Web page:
Corona Virus can delete VAR in the Premier League after the league is re-established

The Premier League will hold talks on whether to continue implementing VAR because there are doubts over survival after the Corona Virus suspension.

Match referee Craig Pawson watched the VAR screen before awarding Liverpool a FA Cup Fourth Round match between Liverpool vs West Bromwich at Anfield, 27 January 2018. (Photo by Alex Livesey / Getty Images)

Top leaders are determined to continue using technology once league football begins again to protect the integrity of the competition.

In theory, for one match to be considered safe enough to play, VAR must still be permitted.

But concerns arise because of the inherent risk to VAR officials who are infected or who can spread the disease.

A VAR team of at least three people, including one referee, is assigned to each match in the Premier League.

They were locked up in a small room in the Premier League studio, in Stockley Park, which had raised concerns that were clearly given government guidelines about social distancing.

General display of the VAR space on the VAR system that will be used in all FIFA World Cup matches, 9 June 2018 in Moscow, Russia. (Photo by Laurence Griffiths / Getty Images)

The league chair with PGMOL will discuss this issue in the coming weeks to decide whether VAR can continue while the Coronavirus outbreak still remains.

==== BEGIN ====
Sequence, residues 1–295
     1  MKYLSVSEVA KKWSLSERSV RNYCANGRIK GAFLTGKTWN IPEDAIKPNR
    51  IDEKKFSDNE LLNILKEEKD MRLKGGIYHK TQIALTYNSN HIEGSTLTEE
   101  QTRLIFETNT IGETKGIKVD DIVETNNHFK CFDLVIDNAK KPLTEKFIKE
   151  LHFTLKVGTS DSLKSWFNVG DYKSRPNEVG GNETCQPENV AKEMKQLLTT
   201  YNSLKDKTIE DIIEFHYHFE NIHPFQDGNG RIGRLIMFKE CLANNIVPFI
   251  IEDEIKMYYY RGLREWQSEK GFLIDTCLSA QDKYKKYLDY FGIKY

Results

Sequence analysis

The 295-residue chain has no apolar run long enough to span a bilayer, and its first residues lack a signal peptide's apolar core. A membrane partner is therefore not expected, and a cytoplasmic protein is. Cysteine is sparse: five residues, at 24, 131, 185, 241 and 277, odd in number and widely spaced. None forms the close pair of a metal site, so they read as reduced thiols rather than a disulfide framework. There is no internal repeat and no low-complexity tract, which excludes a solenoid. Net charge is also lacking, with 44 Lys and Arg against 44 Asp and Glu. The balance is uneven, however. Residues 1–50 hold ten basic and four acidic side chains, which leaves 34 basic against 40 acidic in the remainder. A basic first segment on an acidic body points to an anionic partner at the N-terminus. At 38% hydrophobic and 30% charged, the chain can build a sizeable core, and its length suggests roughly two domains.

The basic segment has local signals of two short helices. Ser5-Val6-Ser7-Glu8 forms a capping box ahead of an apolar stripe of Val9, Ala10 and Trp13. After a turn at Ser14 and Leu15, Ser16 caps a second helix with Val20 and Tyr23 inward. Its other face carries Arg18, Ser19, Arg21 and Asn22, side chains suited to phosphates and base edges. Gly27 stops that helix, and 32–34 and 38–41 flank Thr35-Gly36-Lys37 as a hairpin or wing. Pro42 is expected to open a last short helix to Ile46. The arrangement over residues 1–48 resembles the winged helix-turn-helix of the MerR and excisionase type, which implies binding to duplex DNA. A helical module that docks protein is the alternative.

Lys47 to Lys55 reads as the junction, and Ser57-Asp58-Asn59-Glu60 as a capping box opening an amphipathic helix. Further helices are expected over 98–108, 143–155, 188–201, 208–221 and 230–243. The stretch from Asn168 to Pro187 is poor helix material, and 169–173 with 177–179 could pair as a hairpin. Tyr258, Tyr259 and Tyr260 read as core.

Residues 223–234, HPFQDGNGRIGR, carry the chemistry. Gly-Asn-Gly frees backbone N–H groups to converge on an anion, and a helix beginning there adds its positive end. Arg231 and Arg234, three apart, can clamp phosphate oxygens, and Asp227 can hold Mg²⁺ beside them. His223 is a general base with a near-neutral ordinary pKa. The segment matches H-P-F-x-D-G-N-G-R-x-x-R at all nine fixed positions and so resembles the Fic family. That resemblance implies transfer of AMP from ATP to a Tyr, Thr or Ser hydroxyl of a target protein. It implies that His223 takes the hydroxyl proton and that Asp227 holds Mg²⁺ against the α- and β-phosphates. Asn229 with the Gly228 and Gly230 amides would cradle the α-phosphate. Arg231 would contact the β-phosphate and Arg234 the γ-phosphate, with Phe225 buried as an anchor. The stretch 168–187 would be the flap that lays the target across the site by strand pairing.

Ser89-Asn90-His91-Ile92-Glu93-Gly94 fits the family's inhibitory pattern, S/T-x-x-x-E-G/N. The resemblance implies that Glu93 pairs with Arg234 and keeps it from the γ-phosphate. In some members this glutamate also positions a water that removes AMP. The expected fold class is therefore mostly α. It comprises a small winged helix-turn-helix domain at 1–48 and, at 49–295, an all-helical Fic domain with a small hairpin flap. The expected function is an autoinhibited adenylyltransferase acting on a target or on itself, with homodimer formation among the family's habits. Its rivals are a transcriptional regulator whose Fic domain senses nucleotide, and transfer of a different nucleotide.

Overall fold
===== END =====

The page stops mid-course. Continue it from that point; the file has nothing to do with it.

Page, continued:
There is one alternative VAR technology available at the stadium, if it is decided Stockley Park cannot be used as a hub. VAR can be done remotely with a van equipped with special technology and this is another option that is open to the Premier League.

There is also concern that VAR will not function if several matches are played simultaneously.

Former Premier League referee and Sportsmail columnist Mark Clattenburg said: “If social distance is still established when the football season has to continue, then there is no way the VAR bunker at Stockley Park can be used.

Referee Mark Clattenburg gives a signal during the Premier League match between West Bromwich vs Bournemouth at The Hawthorns, 25 February 2017. (Photo by Shaun Botterill / Getty Images)

“Certainly not if there are several Premier League matches played at the same time. It all happened in one room without a window. Each team consists of VARs, Hawk-Eye assistants and operators, who work together at close range with the monitor collection in front of them.”

“Maybe if one game is played at a time, then they can spread, given each table, keep their distance and continue the work.”

“Another solution is you can put officials in a van outside the stadium and make sure they are also two meters away.”

“But in reality, I don’t see how football can start again until social distance is completely restored to normal by the Government. Too many risks involved. You can’t start the season again without VAR, because that will change the competition.”

“Imagine if Aston Villa were relegated because of an offside goal or a decision that VAR would have canceled if it had happened at the beginning of the competition? The impact would have been enormous.”

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